Felix at the Oscars

I called ’em. Unlike certain Belgians who never

really outgrew their D&D phase, I knew that even the Academy at

its worst wouldn’t give the Best Picture award to a piece of dreck like

Lord of the Rings. I got all four of the big awards, and five of the

top six: I missed only Jim Broadbent for Iris, reckoning that Ian McKellen

would win that one. So LOTR did even worse than I thought it


What I didn’t expect was the angry reaction to the African-American

sweep among certain of my fellow Oscar-watchers. The debate was so heated

that it wasn’t entirely clear what position people were taking, but

there did seem to be a feeling that the Sidney/Halle/Denzel gongs smelled

of political correctness if not tokenism.

Not true. The Academy was, of course, painfully aware of the dearth

of black actors with leading-role statuettes, but it’s been painfully

aware of that for a long time. When Denzel was nominated for Malcom

X in 1993, it had already been 29 years since Sidney Poitier’s award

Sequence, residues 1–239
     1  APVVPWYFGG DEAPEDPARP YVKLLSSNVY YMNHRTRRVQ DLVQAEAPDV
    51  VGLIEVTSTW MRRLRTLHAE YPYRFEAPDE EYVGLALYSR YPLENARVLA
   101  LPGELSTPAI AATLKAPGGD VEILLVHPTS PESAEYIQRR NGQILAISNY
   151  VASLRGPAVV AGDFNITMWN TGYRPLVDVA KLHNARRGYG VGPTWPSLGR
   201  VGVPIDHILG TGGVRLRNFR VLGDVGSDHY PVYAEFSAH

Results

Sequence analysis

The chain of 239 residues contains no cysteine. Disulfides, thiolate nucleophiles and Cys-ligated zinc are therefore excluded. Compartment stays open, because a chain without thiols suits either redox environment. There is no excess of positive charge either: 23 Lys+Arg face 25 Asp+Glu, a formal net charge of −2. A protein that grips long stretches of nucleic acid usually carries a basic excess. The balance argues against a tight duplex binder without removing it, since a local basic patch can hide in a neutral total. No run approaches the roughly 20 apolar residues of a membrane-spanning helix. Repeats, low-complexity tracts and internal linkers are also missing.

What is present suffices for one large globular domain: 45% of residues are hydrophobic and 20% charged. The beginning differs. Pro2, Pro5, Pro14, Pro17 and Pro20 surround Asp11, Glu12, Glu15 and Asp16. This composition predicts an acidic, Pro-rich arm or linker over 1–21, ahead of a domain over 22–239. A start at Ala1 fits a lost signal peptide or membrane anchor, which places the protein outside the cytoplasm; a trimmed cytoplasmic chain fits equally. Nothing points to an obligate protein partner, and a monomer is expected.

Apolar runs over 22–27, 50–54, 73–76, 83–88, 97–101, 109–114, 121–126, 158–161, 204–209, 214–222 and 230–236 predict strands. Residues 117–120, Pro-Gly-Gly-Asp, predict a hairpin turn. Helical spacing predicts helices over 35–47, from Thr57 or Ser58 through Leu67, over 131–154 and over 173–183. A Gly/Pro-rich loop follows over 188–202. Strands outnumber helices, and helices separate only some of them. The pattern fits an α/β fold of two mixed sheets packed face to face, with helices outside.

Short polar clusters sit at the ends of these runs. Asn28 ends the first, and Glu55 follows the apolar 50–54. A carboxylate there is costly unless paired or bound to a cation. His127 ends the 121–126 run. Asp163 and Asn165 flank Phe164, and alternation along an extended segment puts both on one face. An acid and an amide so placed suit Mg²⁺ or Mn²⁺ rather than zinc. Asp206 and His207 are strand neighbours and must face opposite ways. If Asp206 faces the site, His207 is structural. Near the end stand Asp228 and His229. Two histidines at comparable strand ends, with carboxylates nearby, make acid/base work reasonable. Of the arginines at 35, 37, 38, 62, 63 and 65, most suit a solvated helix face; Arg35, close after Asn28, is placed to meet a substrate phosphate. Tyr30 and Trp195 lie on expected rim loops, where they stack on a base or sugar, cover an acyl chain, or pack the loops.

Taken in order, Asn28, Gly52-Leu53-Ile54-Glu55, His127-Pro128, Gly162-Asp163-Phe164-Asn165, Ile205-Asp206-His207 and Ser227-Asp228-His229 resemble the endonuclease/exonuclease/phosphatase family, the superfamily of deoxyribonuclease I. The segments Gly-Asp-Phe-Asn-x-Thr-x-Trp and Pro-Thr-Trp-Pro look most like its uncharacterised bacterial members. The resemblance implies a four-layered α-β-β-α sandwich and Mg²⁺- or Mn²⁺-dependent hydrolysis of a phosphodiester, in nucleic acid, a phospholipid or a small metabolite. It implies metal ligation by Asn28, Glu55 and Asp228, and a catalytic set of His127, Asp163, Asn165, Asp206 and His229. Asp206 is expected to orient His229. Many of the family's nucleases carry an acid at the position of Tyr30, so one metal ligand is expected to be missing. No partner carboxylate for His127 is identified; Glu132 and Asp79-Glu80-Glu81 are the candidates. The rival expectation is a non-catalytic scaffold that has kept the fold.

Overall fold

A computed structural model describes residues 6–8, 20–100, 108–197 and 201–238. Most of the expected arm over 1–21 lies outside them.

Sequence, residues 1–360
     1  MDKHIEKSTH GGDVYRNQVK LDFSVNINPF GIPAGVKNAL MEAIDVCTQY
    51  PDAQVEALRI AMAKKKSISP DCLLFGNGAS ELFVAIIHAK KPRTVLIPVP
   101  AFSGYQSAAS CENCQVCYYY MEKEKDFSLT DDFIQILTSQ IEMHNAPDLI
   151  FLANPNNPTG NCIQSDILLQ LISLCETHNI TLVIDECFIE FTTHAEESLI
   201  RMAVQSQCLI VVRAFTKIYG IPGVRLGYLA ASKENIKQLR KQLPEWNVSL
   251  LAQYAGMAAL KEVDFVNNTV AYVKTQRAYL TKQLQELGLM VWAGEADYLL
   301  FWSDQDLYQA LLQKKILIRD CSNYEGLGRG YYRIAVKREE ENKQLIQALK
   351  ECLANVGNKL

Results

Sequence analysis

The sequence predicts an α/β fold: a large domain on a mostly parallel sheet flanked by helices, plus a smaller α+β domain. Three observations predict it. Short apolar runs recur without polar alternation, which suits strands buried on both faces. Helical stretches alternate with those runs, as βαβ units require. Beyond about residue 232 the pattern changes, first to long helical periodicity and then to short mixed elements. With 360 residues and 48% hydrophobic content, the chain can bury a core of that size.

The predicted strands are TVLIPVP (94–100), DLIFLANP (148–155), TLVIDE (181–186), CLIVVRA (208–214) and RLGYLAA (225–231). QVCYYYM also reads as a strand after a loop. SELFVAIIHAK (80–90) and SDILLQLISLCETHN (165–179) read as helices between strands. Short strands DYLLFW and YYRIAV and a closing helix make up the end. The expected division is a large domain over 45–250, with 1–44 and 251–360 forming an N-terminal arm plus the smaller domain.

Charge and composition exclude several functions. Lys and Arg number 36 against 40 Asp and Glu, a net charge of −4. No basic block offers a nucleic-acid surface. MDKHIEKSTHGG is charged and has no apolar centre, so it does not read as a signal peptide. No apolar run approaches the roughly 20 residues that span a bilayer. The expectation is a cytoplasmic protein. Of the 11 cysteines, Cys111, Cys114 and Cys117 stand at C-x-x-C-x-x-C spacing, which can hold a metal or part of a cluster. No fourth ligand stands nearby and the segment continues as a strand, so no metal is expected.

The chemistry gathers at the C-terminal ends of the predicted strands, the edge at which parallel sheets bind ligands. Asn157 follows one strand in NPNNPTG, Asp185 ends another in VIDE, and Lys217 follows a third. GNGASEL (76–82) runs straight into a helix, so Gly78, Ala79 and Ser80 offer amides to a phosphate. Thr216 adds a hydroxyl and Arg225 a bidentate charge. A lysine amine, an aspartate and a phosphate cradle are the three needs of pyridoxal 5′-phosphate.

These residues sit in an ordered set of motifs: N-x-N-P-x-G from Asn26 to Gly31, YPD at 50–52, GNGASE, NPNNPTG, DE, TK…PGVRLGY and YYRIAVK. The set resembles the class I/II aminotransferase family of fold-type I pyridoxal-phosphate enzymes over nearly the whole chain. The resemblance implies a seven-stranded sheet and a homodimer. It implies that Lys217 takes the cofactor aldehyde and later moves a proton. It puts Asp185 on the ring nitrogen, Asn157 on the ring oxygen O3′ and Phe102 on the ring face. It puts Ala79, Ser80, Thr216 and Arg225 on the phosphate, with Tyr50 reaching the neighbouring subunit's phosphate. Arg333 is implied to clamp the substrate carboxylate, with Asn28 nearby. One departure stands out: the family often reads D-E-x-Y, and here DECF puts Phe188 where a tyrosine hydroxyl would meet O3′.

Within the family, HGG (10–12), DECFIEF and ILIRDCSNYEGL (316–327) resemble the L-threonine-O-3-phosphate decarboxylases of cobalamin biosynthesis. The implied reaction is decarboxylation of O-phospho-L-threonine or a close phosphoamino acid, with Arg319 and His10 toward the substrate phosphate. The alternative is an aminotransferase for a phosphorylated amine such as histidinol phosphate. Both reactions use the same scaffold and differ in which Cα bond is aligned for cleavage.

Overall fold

for Lilies of the Field. This year, he was the beneficiary of the same

forces that saw him lose out to an execrable performance by Al Pacino

back then: the Acadmey’s desire to reward one of its favourite actors,

almost regardless of the nominated performance.

The difference this year is that Washington actually did just as well

in Training Day as any of the other nominees did in their films. (Pacino

beat out superior performances not only from Washington, but also from

Clint Eastwood in Unforgiven and Robert Downey Jr in Chaplin.) In truth,

Washington was unbeatable this year: the Academy loves to award the

actors it loves, and it had a great performance to hang its award on.

Russell Crowe lost for the flip reason: the Academy will never give

an actor the top award two years in a row unless he’s loved as much

as Jimmy Stewart or Tom Hanks.

As for Halle Berry, she and Lions Gate worked the Oscar campaign masterfully,

and her competition was two Grand Old Dames who already have Oscars,

and two performances in what the Golden Globes calls a "comedy

or musical". Given the choice between that and a serious, meaty,

dramatic role, the Academy will always choose the drama.

Berry was by no means the highlight of the show, though: that was undoubtedly

Woody Allen, appearing at his first awards ever (he didn’t even show

up the year he won for Annie Hall), and showing the likes of Billy Crystal

and Whoopi Goldberg how a comic monologue is really done. Woody,

you done all us New Yorkers proud.

This entry was posted in Film. Bookmark the permalink.